This Is Not an Introduction
During World War I, several artists coped with a world that had seemingly rejected logic and reason by creating art that embraced nonsense and irrationality. Dada, as this movement was called, strove to strip words and images of meanings. An installation titled Fountain is really a porcelain urinal. A poem titled Karawane, (caravan), is really just a sequence of nonsense sounds.
As the world returned to sanity following the Great War, Dada gave rise to Surrealism, which preserved the nonsense but turned it into the nonsense of dreams and then made an effort to reconcile it with the reality of our waking lives. Think: Salvador Dalí's La persistència de la memòria, (The Persistence of Memory), also known as “that painting with the melting clocks”.
One of the great surrealist painters was Belgian René Magritte. You're probably familiar with several of his works, such as Golconda, (also known as “a bunch of guys standing around in midair”), and The Son of Man (also known as “that picture from The Thomas Crown Affair”).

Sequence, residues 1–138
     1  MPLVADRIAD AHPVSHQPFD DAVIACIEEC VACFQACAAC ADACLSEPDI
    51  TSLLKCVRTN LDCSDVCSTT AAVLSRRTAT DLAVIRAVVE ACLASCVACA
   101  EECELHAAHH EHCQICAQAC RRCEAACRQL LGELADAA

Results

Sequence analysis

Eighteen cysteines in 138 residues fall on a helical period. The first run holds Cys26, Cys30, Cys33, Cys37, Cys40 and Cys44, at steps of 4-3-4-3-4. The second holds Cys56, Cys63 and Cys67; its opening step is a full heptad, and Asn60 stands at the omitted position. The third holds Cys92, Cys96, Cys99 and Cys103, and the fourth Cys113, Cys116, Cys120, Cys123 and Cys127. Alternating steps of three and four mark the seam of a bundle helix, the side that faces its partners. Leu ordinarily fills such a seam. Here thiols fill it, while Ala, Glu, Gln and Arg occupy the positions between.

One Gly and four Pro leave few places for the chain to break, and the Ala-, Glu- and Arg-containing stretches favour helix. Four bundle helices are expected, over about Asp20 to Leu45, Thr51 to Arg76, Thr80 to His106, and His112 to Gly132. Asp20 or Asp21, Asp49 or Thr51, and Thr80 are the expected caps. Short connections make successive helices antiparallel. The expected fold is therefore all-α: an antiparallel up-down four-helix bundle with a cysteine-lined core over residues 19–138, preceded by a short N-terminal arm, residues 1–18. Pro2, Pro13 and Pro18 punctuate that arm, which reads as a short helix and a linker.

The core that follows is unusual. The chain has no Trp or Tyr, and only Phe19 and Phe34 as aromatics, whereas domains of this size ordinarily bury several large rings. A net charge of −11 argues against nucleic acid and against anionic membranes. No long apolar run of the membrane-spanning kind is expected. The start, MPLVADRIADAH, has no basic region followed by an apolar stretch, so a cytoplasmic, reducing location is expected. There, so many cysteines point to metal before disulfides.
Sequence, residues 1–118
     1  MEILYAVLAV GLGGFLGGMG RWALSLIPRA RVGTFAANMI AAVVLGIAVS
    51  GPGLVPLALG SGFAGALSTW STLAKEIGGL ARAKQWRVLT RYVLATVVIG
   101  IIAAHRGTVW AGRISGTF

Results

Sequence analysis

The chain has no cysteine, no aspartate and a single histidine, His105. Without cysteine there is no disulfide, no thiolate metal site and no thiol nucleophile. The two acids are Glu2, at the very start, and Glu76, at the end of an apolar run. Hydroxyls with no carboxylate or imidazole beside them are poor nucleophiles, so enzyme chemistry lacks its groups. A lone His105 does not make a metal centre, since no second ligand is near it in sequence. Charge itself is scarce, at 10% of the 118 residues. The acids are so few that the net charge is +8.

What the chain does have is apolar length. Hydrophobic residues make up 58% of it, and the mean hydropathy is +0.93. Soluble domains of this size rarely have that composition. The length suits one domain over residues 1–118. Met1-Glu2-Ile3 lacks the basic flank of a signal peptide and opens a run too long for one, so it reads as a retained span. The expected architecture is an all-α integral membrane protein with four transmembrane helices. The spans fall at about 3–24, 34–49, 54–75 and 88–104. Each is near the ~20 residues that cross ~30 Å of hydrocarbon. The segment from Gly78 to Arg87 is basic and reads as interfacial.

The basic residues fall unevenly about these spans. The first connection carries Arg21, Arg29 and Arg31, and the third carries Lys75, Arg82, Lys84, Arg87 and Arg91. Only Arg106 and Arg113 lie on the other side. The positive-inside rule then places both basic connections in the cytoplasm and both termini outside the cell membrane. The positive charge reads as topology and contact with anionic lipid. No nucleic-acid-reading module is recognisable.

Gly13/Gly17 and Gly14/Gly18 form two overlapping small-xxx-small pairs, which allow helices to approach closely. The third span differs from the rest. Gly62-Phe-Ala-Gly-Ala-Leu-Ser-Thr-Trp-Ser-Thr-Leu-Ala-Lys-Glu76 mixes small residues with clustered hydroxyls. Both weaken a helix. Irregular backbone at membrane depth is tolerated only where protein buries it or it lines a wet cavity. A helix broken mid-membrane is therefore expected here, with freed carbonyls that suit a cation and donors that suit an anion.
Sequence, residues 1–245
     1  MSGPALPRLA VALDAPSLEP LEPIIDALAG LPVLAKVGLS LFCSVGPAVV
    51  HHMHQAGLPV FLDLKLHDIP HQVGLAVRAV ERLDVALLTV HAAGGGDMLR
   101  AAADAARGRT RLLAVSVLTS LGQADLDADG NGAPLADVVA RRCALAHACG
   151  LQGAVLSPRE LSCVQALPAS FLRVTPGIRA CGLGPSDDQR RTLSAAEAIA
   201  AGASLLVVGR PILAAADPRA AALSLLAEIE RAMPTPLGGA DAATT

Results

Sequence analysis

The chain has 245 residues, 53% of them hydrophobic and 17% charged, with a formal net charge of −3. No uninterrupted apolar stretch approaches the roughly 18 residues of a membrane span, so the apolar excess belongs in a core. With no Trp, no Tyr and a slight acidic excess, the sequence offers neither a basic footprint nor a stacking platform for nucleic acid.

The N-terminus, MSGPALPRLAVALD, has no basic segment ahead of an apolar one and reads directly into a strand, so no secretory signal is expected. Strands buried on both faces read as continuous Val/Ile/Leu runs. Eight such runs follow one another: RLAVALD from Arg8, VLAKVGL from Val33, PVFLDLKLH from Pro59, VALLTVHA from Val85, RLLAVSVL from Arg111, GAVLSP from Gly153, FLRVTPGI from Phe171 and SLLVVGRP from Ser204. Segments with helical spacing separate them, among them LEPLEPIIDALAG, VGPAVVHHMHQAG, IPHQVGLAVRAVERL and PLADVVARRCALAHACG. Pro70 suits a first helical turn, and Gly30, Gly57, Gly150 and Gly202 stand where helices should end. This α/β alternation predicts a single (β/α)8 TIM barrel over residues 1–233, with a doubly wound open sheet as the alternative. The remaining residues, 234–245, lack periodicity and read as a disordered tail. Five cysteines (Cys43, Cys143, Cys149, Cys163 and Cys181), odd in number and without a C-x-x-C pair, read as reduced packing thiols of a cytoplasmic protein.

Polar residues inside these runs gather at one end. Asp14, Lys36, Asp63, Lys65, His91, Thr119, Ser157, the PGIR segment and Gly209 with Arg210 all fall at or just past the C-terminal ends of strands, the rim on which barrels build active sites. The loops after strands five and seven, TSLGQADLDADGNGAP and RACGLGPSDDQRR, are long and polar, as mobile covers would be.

My favorite of Magritte's works, though, is The Treachery of Images. It is a very simple picture, just a realistic drawing of a pipe with “this is not a pipe” written beneath in French. Like a lot of Dadaist and Surrealist art, it left many people confused and angry. Of course it was a pipe! Just look at it!
Responding to the furor later, Magritte said “The famous pipe. How people reproached me for it! And yet, could you stuff my pipe? No, it's just a representation, is it not? So if I had written on my picture 'This is a pipe', I'd have been lying!”